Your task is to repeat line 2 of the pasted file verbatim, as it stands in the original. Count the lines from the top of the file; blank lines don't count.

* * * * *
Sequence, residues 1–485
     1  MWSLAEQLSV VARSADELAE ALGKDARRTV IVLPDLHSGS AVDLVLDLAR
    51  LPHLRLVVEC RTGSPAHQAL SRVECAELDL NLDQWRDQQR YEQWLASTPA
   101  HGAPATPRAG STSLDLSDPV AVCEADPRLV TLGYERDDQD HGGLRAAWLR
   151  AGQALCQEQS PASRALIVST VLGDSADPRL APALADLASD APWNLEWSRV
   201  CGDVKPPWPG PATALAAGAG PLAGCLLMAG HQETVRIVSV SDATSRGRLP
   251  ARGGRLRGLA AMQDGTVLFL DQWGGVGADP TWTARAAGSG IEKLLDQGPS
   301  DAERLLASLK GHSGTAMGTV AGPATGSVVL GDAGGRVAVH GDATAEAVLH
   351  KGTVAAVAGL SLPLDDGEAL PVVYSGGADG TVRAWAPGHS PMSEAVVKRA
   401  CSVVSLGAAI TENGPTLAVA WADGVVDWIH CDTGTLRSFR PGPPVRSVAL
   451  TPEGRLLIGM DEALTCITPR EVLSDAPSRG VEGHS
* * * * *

     1  MWSLAEQLSV VARSADELAE ALGKDARRTV IVLPDLHSGS AVDLVLDLAR